Moral laws in ancient Rome: Instead of fleeting affairs: How Emperor Augustus wanted to force his subjects into marriage

Always just data, but nothing permanent.

Moral laws in ancient Rome: Instead of fleeting affairs: How Emperor Augustus wanted to force his subjects into marriage

Always just data, but nothing permanent. This is a well-known phenomenon in the age of dating apps, but the Romans already had to struggle with it. After the end of the civil wars and the transition from republic to empire, the victorious Augustus Octavian proclaimed an era of peace. He, who had played a key role in these wars, allowed himself to be styled as the bringer and guarantor of peace and prosperity.

In the emperor's mind, families played a central role in his flourishing empire. The Romans were supposed to marry and produce as many legitimate children as possible. At least the need was there, because Octavian's wars and the systematic murder of political opponents had left wide gaps in the upper class. Octavian de facto introduced a form of monarchy. However, he disguised the plan as a restoration of the republic. The good old customs of the ancients played a central role.

But after the end of the wars, the young couples did not strive for marriage. On the contrary, a certain marital fatigue was spreading. The end of eternal battles and systematic persecutions led to prosperity. The mentalities couldn't be more opposite. The men around the emperor had necessarily become professional military men, trained in war and murder. Even the emperor's wife had to fear for her life as a young woman and wandered penniless through Italy, pursued by her future husband's henchmen. And on the other hand, the younger generation now wanted to enjoy the “Dolce Vita”.

Extramarital relationships became widespread. The Romans developed a taste for decadent entertainment, and the strict modesty of their ancestors fell out of fashion. There were also tangible factors. In principle, women were still the “property” of the head of the family, who could marry them off at will. In practice, this form of radical patriarchy was no longer practiced. In addition, it could be in the family's interest not to officially marry the daughters in order to preserve property and inheritance for the clan.

The emperor wanted to do away with these newfangled conditions. With a whole bunch of laws he wanted to strengthen morals and make marriage the standard again. The whole package was called "Lex Iulia et Papia". As always, Augustus was not squeamish in his choice of methods. Anyone who didn't want to get married should feel his wrath. All men between 25 and 60 and all women between 20 and 50 had to prove that they were married. Anyone who couldn't do that was punished.

Those weary of marriage were excluded from all public entertainment. They were not allowed to attend theaters or other games. At that time it was a serious impairment. However, anyone who fathered three legitimate children could look forward to VIP seats. And why should someone inherit who didn't want to bring legitimate children into the world? So long-term singles were excluded from the inheritance. In addition, there were punitive taxes and a stop to promotion in the official career. Adultery was severely punished. Cuckolded husbands were forced to divorce. This was intended to combat the “pestilence of adultery, which defiles the decent home through fornication,” according to the “state poet” Horace.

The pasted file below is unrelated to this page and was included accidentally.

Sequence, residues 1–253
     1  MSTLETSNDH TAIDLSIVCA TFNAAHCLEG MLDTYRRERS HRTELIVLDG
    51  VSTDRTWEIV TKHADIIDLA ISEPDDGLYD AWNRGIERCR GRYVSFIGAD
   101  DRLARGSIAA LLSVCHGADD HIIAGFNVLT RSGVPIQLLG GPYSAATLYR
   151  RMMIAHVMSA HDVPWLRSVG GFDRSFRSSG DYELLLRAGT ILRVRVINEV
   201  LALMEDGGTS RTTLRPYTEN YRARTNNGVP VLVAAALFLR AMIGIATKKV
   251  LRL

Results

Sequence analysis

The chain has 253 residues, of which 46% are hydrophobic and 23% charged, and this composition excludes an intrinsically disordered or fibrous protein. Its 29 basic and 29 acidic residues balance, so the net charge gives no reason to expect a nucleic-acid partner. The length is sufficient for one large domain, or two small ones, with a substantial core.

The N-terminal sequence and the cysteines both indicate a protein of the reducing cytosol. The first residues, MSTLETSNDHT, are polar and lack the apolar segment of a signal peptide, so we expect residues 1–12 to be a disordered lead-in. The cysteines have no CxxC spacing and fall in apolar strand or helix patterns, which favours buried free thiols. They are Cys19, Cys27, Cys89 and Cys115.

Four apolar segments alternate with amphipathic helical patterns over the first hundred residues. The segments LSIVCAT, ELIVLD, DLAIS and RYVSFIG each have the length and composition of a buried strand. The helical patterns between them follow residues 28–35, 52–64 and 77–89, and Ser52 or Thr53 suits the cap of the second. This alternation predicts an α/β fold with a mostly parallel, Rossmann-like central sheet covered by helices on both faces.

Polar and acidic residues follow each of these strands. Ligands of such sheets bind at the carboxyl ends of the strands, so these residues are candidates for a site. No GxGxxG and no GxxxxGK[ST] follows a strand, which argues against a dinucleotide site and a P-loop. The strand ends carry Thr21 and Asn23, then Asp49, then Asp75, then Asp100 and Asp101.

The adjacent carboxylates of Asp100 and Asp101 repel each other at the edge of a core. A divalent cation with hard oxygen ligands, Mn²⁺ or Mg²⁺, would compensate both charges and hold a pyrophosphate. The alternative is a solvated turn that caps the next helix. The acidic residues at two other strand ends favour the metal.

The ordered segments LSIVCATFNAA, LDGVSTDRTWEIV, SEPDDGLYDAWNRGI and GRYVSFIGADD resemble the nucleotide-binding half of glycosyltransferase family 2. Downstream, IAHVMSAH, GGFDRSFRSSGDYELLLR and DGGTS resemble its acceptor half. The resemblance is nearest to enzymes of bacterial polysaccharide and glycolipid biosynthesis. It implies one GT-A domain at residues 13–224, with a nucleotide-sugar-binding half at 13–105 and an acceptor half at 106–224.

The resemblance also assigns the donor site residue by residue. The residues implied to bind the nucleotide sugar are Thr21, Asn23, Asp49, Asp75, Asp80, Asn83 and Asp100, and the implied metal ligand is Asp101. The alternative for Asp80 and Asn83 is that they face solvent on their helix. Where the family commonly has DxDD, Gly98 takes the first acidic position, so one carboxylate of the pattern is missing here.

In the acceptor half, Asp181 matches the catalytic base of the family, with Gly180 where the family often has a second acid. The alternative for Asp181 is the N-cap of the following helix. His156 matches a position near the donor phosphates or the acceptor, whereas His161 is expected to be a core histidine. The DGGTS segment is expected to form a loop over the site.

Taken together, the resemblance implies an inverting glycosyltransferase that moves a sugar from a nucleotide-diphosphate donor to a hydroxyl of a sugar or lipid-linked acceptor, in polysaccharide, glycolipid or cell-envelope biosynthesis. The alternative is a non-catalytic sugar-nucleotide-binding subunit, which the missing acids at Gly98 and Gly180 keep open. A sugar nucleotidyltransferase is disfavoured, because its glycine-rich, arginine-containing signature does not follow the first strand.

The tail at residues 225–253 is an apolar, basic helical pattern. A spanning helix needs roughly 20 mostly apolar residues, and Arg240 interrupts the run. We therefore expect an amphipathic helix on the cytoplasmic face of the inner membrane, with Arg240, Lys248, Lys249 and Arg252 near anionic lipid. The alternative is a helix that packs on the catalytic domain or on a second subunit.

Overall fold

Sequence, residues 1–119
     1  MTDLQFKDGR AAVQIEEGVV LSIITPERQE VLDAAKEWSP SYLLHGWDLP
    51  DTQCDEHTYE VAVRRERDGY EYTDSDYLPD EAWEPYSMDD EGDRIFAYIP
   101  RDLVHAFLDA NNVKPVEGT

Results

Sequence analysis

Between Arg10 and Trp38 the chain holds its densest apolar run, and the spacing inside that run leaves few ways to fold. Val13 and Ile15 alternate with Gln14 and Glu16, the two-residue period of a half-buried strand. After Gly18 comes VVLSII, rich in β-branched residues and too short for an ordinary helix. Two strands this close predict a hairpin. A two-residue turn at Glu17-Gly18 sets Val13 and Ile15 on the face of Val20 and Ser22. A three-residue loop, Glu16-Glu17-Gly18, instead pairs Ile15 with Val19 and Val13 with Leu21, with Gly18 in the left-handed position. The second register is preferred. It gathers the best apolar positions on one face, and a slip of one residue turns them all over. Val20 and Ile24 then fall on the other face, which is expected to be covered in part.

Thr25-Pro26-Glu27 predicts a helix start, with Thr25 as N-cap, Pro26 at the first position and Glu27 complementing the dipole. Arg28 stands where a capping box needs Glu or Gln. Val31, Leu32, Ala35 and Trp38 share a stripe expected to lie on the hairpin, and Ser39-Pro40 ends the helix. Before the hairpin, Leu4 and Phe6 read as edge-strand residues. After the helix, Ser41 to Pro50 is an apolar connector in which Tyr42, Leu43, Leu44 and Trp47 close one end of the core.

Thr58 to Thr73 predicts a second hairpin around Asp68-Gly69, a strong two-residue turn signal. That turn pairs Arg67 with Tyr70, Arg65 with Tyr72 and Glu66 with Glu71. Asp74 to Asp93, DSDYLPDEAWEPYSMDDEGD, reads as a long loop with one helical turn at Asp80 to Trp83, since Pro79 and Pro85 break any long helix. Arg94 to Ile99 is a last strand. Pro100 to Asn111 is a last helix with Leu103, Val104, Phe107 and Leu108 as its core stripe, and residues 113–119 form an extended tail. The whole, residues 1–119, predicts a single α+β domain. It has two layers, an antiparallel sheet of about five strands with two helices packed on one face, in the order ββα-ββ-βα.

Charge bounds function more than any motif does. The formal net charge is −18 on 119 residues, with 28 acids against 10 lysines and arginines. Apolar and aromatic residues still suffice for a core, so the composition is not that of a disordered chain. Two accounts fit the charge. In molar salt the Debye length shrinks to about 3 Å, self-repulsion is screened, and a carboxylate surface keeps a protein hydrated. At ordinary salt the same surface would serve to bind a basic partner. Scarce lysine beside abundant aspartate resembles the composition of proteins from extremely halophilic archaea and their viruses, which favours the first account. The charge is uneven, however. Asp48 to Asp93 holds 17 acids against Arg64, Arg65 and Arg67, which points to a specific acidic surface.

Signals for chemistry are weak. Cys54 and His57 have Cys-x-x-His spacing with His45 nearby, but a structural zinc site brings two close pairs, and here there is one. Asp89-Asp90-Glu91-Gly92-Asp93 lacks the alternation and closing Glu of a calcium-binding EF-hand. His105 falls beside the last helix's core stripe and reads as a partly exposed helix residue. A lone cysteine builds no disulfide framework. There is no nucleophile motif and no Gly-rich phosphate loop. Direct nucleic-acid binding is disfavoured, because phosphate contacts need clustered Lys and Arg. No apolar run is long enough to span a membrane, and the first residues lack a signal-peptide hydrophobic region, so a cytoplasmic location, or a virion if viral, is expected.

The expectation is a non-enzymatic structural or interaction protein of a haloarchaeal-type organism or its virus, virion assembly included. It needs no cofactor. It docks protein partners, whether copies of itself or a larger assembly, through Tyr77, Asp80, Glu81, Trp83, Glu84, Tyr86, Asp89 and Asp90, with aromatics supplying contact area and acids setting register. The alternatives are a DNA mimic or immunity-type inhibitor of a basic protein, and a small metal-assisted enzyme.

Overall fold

Although these laws remained in force for 500 years, they did not have any measurable effect. Even if the Roman upper class did not die out. There were already enough die-hard singles in the Augustus area. And Octavian himself was a bad role model. His own marriage remained childless. Actually a case for forced divorce. Then he stole the wife Terentia from Gaius Maecenas - his friend and confidant since his youth. A mistake in general, because her adoptive brother later tried to kill the emperor. Augustus himself was fond of being unfaithful and forced forced marriages and forced divorces on his family, just as his political calculations demanded. In addition, under his rule a less than pleasant custom arose in the imperial family. In order to pave the way to the throne for one's own descendants, the murder of rivals became the hallmark of the Julio-Claudian dynasty.

In fact, the moral laws were primarily intended to propagate the ideal of a dutiful Roman life. Even if marriage was not enforced by force, the laws clearly reminded Romans of what the state demanded of them. People who were not particularly concerned about modesty were well advised to act discreetly and not to display their debauchery in public. Especially not in the capital. Ovid, for example, achieved great fame with his erotic poems. He openly mocked old-fashioned customs. “What kind of country bumpkins must they be who get upset just because their wife is cheating on them.”

But the licentious verses also reached the emperor's ears. And he banished the popular poet to Tomis on the Black Sea, then a sad hole at the end of the world. Ovid was probably also involved in the debauchery of the emperor's daughter, Julia. Their orgies weren't just about (group) sex and rebellion against their overpowering father. She and her lovers are said to have planned an uprising. Be that as it may, the emperor called his daughter a "boil" and banished her to an island. For years, Julia was the capital's It girl, but now she was wasting away in a barren fishing village. A clear warning to everyone else not to go too wild.

Neither Ovid nor Juliet was ever forgiven. Even Augustus Octavian's successor, Emperor Tiberius, did not lift the banishment of the poet, who ultimately died in resignation in Tomis. Julia was allowed to leave the island, but then she starved to death on the streets. For fear of the terrible Tiberius, no one dared to help the emperor's daughter.